Here we go again – bulky, unfashionable glasses – the challenges for AR smart glass adoption by the consumer are similar to VR. Nobody wants to be a (Google) “Glass-hole” either. But, we have already seen a run-away success of the AR concept with Pokémon Go. Within two weeks of its release in July 2016, the game generated $160M in revenue. By September, the game had been downloaded 500M times! In contrast to any glasses-based form of entertainment, the technology:
- Demonstrated easily – just load a smartphone app and point it around your location.
- Worked – despite some early server-related glitches due to the massive adoption curve, in general the app worked well on current smartphones. Nobody got sick.
- Spread virally – every Pokemon Go user in public was an ambassador for the app, showing curious on-lookers what was going on. The app was specifically designed to take you outside to collect points in your public surroundings, making you an instant viral carrier for Pokémon Go.
The rapid success of Pokémon Go demonstrates that consumers will flock to adopt new technology under the right circumstances. For 3D TV, it just didn’t happen. AR and VR device makers should take heed not to repeat the same lessons.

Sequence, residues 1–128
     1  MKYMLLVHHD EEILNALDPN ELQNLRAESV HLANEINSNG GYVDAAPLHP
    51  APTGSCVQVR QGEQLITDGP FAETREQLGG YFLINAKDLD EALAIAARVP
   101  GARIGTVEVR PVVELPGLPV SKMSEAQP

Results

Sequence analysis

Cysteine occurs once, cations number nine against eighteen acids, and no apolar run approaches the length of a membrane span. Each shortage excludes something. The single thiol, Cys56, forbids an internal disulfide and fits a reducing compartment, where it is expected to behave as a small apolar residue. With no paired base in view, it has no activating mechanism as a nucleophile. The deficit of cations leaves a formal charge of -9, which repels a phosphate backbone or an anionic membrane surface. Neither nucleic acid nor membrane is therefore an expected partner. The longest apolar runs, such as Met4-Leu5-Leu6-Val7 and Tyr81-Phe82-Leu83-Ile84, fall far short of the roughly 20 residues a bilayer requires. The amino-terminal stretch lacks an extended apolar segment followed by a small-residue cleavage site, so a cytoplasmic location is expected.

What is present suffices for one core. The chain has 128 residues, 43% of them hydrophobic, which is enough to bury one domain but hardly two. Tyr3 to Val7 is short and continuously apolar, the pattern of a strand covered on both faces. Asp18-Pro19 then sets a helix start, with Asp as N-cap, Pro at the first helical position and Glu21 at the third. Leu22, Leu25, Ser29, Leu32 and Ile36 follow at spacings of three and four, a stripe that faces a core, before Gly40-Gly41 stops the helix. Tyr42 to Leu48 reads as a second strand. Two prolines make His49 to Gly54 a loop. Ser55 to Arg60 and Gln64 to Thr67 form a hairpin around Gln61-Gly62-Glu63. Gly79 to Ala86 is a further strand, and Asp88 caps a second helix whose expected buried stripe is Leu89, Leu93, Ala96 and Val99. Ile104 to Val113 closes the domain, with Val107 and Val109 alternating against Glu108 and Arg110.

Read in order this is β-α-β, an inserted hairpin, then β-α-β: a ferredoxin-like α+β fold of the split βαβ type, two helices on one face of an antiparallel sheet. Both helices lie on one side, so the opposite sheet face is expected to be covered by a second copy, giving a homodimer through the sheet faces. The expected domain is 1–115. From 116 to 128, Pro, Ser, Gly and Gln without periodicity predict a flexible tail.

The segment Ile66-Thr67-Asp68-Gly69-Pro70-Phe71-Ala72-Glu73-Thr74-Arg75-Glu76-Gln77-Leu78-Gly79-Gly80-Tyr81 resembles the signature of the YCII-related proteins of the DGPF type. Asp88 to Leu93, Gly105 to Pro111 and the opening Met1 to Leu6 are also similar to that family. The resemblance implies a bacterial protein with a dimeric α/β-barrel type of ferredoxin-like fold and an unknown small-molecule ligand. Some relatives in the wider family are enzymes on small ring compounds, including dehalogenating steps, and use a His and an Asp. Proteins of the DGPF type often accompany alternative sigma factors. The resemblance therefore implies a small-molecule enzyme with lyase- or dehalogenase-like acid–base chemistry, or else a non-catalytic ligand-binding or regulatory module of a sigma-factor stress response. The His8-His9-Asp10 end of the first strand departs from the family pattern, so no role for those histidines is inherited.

Enterprise Leads the Way for Glasses?
Head-mounted devices (HMDs) may find their redemption in the enterprise. Industry is less motivated by fashion, but very interested in implementing standard operating procedures and achieving cost savings. And virality in the enterprise is far less fickle than in the consumer space – all you need to do is show that your device saves money and enterprise customers will flock to your AR device startup.
It is very likely that your local UPS driver will be sporting AR glasses for many years before the Apple “fanboys” can get a chance to fawn over the introduction of a new computing platform in the consumer space.
VR and AR in the consumer space is not dead – but it will first spread via applications that take advantage of the technology we already use: smart phones, tablets, and laptops.